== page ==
Discriminating Between Spatial and Temporal Variations in Seismic Anisotropy at Active Volcanoes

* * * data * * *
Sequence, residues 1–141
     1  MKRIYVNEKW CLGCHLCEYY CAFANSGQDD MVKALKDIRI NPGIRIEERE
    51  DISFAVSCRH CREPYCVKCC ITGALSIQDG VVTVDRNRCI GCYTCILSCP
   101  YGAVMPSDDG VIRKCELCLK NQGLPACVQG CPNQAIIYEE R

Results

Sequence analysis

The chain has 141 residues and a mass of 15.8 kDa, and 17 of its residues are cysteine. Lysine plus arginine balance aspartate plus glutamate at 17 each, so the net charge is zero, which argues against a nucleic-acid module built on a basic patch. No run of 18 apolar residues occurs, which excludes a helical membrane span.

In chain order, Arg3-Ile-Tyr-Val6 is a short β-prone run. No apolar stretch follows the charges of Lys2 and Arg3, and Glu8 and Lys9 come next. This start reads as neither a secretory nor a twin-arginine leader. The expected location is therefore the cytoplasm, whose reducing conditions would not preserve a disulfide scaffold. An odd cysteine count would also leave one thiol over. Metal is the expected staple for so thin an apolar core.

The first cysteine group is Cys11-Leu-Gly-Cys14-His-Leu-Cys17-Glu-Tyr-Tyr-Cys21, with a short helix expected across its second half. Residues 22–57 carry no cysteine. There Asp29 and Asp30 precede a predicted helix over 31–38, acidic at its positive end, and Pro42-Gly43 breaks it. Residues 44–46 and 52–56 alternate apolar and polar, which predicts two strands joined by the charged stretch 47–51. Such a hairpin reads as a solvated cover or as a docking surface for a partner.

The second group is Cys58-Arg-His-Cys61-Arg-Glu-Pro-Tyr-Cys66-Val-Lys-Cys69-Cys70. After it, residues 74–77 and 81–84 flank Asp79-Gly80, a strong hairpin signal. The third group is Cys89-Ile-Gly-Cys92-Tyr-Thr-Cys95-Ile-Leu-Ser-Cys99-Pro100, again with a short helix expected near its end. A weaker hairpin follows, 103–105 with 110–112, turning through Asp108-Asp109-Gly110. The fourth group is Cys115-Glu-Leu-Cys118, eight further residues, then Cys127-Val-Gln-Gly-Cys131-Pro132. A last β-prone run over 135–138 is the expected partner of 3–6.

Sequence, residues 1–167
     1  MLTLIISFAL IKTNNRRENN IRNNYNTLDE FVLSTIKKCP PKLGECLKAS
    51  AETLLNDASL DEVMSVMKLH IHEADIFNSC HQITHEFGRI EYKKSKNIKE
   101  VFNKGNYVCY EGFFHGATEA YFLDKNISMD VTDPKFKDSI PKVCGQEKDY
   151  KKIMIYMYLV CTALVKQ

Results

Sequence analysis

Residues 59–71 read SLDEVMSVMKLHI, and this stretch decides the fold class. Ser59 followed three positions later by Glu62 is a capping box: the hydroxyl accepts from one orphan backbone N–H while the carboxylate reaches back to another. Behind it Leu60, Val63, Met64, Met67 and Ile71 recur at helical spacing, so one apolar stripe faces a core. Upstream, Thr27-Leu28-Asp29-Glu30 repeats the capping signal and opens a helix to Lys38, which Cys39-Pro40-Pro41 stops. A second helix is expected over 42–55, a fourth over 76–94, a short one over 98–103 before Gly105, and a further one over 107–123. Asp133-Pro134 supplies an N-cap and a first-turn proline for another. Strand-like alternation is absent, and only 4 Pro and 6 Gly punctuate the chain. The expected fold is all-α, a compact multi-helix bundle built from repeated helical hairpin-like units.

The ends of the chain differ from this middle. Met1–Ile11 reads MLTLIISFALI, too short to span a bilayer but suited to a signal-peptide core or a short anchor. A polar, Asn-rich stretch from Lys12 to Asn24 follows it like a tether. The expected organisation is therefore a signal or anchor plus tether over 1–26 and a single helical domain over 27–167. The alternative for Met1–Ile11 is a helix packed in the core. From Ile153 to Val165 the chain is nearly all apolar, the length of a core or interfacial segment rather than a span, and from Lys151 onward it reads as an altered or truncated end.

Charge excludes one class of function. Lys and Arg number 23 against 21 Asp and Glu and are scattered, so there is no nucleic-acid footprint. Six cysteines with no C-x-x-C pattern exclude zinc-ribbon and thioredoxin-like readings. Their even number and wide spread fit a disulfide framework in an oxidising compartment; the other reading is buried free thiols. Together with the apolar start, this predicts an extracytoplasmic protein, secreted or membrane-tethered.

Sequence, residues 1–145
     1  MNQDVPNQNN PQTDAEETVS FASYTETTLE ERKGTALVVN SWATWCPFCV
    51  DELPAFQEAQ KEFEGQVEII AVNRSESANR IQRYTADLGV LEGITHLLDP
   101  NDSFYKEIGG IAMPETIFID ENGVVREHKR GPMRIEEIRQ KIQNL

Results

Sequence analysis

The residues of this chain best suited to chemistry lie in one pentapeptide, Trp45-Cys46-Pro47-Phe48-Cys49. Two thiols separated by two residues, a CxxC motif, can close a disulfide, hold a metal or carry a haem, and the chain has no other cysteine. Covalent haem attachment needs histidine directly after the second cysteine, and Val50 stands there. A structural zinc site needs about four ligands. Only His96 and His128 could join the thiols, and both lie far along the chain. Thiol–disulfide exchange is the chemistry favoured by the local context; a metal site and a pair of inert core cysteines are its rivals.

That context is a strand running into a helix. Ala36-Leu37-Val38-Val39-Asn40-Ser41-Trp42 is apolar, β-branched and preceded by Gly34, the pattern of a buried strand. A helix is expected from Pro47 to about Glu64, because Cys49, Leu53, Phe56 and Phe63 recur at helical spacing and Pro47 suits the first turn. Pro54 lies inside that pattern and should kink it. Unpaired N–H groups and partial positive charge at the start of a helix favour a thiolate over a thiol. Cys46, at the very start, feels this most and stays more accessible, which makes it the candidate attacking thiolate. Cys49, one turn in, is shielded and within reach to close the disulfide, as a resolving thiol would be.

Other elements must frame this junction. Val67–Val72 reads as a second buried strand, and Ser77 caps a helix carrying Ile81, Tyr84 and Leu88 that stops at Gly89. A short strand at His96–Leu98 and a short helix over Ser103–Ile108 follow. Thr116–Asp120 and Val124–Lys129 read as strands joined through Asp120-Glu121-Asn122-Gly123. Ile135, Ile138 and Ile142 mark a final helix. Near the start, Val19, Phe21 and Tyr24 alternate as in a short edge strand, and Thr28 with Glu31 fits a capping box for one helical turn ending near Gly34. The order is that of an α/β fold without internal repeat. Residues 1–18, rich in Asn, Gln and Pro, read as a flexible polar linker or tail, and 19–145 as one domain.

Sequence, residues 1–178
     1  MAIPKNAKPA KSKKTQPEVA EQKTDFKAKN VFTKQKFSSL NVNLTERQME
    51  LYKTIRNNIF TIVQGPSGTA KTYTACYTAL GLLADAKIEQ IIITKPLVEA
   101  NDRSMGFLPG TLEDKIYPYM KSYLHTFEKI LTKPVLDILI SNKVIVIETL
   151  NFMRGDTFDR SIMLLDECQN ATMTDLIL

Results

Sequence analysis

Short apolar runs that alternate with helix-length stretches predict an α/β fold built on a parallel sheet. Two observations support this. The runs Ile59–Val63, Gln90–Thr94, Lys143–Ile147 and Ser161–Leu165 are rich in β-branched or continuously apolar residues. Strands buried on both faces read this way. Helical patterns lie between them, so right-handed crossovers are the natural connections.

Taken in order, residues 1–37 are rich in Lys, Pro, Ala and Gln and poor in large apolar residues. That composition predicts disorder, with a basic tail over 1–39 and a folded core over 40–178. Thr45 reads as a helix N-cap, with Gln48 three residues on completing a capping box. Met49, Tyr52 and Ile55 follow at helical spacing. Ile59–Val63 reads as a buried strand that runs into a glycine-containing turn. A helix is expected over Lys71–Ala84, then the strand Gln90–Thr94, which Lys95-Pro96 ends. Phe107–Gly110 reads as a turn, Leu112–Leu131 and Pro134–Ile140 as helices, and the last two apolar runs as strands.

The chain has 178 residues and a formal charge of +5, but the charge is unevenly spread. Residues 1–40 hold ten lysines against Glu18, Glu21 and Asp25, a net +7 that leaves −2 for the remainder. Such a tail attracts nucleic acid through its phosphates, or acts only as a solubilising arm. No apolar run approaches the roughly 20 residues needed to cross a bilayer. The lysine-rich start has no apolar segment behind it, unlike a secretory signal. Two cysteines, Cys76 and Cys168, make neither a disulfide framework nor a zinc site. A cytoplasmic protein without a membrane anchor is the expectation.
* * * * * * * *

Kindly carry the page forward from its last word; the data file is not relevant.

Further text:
This thesis addresses the measurement and interpretation of seismic anisotropy around active volcanoes via shear wave splitting analysis. An overpressured magma reservoir will exert a stress on the surrounding country rock that may or may not be manifest as observable strain. Shear wave splitting analysis can be a useful indicator of stress in the crust and hence, the pressure induced by magma movement. Changes in shear wave splitting have already been observed at Mt. Ruapehu following eruptions in 1995/1996 and are inferred to be caused by changes in local stress in response to magma pressure. One of the main problems with the interpretation of temporal changes in shear wave splitting is the possibility of spatial variations being sampled along differing raypaths and being interpreted as temporal changes. Using a dense observational network and an automated shear wave splitting analysis, we examine local earthquakes occurring in 2008 within 100 km of Mt. Ruapehu. We note a strong azimuthal dependence of the fast direction of anisotropy (phi) and so introduce a spatial averaging technique and a two-dimensional tomography of recorded delay times (dt), to observe the spatial variation in more detail. Using this new method of mapping shear wave splitting parameters, we have created a benchmark of spatial variations in shear wave anisotropy around Mt. Ruapehu, against which future temporal changes may be measured. The observed anisotropy is used to define regions in which phi agrees with stress estimations from focal mechanism inversions, suggesting stress-induced anisotropy, and those in which phi aligns with structural features such as fault strikes, suggesting structural anisotropy. Data from past deployments of three-component seismometers have been analysed in the same way as those recorded during the 2008 experiment and the results compared. We identify a stable region of strong anisotropy, interpreted to be caused by schistose mineral alignment, and a transient region of strong anisotropy centred on the volcano during the major magmatic eruption of 1995. We also introduce a method of analysing temporal variations in seismic anisotropy at active volcanoes by using tight clusters of earthquakes and highly correlated multiplets. At Mt. Ruapehu, changes in shear wave splitting parameters associated with the 2006 and 2007 phreatic eruptions are detected using a cluster of earthquakes to the west of the volcano. Similar analyses using another cluster and multiplets from the stable region of strong anisotropy do not reveal temporal changes, although examination of the waveform codas of the repeating earthquakes reveals systematic changes that we interpret as being caused by seismic scatterers associated with the 2006 and 2007 eruptions. These scatterers appear to contaminate the shear wave coda and so inhibit the detection of any subtle changes in shear wave splitting parameters. Finally, we apply some of these methods to data from the 2008 eruption of Okmok volcano, Alaska. Shear wave splitting analysis at Okmok reveals a change in anisotropy associated with the 2008 eruption. This change however, is attributed to a change in dominant hypocentre location. Multiplet analysis at Okmok volcano reveals a similar scatterer contamination of the shear wave arrival. This spurious phase is interpreted to be an S to P conversion from interaction with the magma reservoir.